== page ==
November 27, 2007

Musharraf's Farewell To The Troops

For those playing the will-he-or-won't-he game with Pervez Musharraf, the first position seems to be the winner. The newly-elected president of Pakistan has made his farewell inspection of the troops, in apparent preparation for his resignation as Army chief of staff tomorrow. He gave no indication whether the emergency order would end at the same time as his military commission:

Pervez Musharraf visited troops Tuesday to bid them farewell, a day before he planned to stand down as military chief to become a civilian head of state in a move aimed at easing the country's political crisis.

A guard of honor composed of service personnel from the army, navy and air force greeted him as he arrived at armed forces headquarters in Rawalpindi, a garrison city near the capital Islamabad.

Musharraf, who wore his general's uniform, did not make any comments to journalists who were being taken on a military-conducted visit to cover the ceremonies.

Aides to Musharraf announced he would retire on Wednesday as chief of Pakistan's army, whose generals have ruled the country for most of its life since independence from British rule in 1947.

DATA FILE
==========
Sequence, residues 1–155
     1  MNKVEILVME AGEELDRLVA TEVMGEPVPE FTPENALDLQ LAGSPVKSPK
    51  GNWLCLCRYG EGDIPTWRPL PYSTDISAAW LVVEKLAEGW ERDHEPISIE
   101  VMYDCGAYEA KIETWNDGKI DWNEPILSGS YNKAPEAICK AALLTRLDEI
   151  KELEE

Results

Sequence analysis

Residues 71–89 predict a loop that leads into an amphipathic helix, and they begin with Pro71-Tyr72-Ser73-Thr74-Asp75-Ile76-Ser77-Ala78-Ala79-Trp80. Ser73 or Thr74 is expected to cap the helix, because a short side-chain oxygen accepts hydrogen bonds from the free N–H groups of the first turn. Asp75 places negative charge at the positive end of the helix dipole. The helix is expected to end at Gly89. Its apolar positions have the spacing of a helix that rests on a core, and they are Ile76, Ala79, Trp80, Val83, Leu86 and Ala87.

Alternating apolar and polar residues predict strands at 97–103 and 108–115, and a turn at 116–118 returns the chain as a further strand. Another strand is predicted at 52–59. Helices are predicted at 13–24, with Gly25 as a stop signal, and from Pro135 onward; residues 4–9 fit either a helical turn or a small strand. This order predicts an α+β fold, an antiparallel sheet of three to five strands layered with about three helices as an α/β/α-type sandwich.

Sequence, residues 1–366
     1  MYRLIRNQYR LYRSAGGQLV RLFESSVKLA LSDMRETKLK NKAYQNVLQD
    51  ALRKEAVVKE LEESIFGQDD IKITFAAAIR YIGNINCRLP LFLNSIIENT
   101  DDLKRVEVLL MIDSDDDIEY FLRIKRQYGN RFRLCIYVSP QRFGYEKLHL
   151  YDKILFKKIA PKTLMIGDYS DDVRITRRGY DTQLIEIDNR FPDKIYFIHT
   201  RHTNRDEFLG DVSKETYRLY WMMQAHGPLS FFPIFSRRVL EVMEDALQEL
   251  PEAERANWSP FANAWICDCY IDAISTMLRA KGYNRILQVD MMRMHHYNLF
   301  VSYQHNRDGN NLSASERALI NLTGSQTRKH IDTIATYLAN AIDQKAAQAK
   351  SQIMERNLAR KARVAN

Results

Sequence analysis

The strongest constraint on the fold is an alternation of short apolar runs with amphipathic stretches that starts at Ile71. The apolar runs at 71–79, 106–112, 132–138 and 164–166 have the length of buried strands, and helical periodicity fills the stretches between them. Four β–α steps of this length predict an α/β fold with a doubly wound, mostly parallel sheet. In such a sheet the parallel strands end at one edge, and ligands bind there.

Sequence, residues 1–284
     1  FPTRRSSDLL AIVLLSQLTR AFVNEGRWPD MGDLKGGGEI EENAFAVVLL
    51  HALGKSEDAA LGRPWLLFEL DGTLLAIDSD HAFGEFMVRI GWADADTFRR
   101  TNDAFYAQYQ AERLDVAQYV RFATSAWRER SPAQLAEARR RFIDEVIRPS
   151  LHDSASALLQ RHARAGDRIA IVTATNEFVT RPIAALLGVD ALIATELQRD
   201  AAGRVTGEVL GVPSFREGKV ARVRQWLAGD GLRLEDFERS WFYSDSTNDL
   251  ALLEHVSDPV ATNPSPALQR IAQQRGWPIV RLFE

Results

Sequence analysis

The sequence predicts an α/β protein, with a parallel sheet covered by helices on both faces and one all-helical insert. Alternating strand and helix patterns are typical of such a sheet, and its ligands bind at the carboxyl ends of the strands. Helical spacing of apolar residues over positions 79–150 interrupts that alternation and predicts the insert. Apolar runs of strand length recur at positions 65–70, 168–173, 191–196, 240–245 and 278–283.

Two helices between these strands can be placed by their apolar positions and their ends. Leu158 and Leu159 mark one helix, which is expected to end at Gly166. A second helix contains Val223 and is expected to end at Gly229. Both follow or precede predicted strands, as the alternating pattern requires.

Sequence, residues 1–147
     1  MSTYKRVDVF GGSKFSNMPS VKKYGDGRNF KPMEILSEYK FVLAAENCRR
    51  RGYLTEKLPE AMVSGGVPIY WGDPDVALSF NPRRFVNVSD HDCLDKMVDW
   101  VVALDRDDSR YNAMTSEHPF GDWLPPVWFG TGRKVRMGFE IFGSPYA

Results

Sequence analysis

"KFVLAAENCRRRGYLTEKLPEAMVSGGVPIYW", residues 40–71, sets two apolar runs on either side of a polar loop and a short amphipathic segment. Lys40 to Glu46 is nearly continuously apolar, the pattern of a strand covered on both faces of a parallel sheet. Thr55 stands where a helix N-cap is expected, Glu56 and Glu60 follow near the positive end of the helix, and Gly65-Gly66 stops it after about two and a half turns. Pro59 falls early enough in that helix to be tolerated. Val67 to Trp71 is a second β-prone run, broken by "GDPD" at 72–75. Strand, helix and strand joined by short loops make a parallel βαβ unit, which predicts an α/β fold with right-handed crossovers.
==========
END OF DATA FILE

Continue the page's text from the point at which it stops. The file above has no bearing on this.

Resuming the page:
Before the issuance of the emergency order, this would have been a unifying step. It lost much of its significance in the PCO and the roundup that followed, with thousands of political opponents getting thrown into prison while the radical Islamists took over more and more territory. Now Musharraf has two exiled former Prime Ministers vying for power, both of whom had at one time had almost no following thanks to corruption in their governments. Musharraf has made them popular all over again, and now instead of unity Musharraf has split the non-radicals in a dangerous fashion.

Now that Musharraf has released the dissenters in mainstream politics from his prisons and military courts, some attention has come this week to the radicals. The offensive in Swat has progressed to the point where they finally took Maulana Fazlullah off of the air:

Hundreds of Pakistani ground troops have been fighting pro-Taleban insurgents in Swat, backed up by artillery and helicopter gunships.

Military officials say they are making progress. The highest peak in the Kabal district has now been retaken and other recent gains have been consolidated. An FM radio station run by the local leader of the insurgency, Maulana Fazlullah, has gone off air.

The army has reported more than 200 deaths since the beginning of last week, most of them suspected militants. But there has been no independent confirmation of those figures.

It's a start, but as the BBC notes, holding that ground may be more difficult than winning it back. The numbers in this offensive sound less than impressive, too. "Hundreds" of troops fighting in the string of villages that Fazlullah and the Taliban have claimed seems like a low number, especially in mountain fighting where the army expects to hold significant territory.

Musharraf promised a "massive" offensive, starting in Swat. This looks more like a prelude to another peace agreement with the Pakistan Taliban, as Bill Roggio wrote yesterday.


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